I was lucky to have a chance to attend Stir Trek in Columbus Ohio for the first time this past Friday. In a word, it was great.
As a consultant working primarily with SharePoint and Office 365 I found the presentations by Bykowski, Elemary and Steinert particularly useful. Immediate take away were thoughts challenging how we design web sites and web applications. Bukowski spoke about things like navigation, scrolling, search based navigation and the effective use of white space. Also worth mentioning is the point Bykowski made about the “page of least importance.” Meaning the home page has the highest bounce rate and far too many companies cram too much stuff onto these things rather than knitting the content users are looking for throughout the site structure itself.
Elemary shared lessons learned regarding usability. My dad is blind so I have an interest in things that make people’s lives easier when it comes to consuming content. I did not know that screen readers like table layouts better than structured content in DIV’s. We picked up a technique for using hidden anchors in page content by throwing them off the visible page not by suppressing them with ‘visible: none;.’ All that and the importance of well laid out marked that is consistent and hierarchical. Steinert was a joy to listen to. Her presentation was about the types of decisions that go into a UX designer’s process. Even a developer could understand it!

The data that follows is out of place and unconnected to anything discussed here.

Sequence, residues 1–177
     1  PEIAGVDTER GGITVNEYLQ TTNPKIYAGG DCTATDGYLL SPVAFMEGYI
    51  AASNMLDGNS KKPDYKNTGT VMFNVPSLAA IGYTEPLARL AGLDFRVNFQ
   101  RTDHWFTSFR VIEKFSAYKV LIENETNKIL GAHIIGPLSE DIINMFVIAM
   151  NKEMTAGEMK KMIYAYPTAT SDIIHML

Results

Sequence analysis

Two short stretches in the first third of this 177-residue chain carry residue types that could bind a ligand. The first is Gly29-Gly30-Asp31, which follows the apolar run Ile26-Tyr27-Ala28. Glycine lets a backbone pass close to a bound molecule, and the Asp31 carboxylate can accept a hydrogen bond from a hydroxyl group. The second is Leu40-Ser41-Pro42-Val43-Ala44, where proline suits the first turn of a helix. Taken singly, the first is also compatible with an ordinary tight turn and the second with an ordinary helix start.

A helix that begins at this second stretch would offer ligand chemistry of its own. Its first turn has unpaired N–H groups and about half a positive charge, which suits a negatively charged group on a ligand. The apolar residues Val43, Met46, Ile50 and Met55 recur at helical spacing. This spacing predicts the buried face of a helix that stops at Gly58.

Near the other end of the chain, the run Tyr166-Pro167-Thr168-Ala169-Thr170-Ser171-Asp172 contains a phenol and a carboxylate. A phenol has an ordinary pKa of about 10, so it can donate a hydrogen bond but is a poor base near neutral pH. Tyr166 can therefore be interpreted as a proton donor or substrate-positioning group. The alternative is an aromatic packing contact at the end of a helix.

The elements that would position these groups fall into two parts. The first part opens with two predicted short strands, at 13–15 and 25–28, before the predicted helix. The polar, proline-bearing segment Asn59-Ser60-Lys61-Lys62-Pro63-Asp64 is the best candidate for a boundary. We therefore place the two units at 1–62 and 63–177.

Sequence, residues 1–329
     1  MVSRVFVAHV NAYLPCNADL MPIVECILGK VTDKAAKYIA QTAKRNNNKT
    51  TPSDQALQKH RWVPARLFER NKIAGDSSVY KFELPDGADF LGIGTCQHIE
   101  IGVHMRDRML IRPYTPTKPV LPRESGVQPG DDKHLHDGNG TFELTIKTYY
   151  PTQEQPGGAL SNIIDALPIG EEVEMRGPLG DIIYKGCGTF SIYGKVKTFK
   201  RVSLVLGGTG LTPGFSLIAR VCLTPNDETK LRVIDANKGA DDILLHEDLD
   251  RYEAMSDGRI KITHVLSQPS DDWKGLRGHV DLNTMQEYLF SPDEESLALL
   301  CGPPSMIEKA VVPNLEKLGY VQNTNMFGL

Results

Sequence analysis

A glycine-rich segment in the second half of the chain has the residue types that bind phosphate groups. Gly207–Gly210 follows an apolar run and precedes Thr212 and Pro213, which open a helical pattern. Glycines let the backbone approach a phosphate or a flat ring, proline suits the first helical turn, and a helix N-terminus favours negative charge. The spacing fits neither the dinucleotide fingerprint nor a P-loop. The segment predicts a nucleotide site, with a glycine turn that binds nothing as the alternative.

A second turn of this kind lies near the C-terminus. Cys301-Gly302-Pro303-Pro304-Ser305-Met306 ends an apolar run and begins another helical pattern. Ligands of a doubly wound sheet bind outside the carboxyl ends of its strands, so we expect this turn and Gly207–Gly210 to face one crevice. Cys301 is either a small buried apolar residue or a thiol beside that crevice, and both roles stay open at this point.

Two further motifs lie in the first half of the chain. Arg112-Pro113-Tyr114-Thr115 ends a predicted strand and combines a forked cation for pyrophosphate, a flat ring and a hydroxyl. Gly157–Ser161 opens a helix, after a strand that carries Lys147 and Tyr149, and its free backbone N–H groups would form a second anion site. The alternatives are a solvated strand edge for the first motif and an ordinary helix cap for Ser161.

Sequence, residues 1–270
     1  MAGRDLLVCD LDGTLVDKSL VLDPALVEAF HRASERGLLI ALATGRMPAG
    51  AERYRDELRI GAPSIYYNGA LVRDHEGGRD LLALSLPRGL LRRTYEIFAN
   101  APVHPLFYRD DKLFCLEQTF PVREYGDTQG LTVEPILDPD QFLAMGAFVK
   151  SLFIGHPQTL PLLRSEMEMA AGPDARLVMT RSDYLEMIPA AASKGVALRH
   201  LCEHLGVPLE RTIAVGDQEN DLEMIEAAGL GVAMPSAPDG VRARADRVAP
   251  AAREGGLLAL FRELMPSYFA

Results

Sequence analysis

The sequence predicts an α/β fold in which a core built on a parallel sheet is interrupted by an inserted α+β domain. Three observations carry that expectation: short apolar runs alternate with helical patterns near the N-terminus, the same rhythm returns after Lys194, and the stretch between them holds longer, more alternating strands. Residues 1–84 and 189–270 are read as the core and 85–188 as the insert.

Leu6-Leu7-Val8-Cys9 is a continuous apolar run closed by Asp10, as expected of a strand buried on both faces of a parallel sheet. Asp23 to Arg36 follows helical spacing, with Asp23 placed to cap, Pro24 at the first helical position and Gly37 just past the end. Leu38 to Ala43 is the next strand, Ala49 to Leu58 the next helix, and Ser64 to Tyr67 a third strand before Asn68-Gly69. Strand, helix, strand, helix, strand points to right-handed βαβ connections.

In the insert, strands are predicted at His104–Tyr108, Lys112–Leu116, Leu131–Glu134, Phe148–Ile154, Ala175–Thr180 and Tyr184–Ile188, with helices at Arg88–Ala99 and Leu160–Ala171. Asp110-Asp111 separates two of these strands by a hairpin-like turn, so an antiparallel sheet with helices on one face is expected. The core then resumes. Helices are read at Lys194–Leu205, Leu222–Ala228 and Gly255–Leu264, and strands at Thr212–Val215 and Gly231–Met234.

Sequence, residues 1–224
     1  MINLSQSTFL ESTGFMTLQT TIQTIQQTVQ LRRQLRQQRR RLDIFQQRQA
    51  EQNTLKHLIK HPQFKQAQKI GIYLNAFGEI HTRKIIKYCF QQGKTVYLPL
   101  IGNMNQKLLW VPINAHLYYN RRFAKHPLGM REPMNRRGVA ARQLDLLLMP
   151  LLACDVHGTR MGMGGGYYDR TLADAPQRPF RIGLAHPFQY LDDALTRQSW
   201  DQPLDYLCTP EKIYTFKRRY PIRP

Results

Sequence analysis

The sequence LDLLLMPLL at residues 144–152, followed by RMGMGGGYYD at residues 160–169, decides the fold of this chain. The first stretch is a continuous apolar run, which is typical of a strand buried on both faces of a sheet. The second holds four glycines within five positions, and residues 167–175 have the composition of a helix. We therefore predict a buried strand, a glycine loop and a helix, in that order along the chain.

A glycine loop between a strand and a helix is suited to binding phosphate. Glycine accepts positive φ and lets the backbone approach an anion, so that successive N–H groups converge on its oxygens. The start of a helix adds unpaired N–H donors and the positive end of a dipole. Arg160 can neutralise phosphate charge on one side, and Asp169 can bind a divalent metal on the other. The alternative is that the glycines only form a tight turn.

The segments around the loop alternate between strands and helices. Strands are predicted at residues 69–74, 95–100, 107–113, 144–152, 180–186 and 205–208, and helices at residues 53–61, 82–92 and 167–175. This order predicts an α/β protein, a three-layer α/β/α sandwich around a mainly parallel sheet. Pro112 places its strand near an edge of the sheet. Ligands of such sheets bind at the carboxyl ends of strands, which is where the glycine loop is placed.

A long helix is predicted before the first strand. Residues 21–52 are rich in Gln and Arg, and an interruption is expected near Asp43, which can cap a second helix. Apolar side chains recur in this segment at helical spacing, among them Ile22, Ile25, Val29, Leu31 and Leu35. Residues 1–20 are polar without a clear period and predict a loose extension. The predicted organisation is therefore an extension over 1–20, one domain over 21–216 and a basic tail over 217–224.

Collier’s presentation was more frightening than anything. It reminded me of my parents drilling into my head the concept of “defensive driving” back in High School. Rules of the road: “be prepared.” Basu’s talk was interesting regarding SignalR, main take away form that was his training series on PluralSight.
- “Adventures Beyond the Fold: Exploring UX Mythology,” by Benjamin Bykowski
- “SignalR Powered True Cross-Platform Real-Time Mobile Apps,” by Samidip Basu
- “A Humbling Experience through Web Accessibility,” by Hany Elemary
- “Designing with C.R.A.P.,” by Caitlin Steinert
- “10 ways to Guarantee Your Windows Azure Project Will Fail,” by Michael S. Collier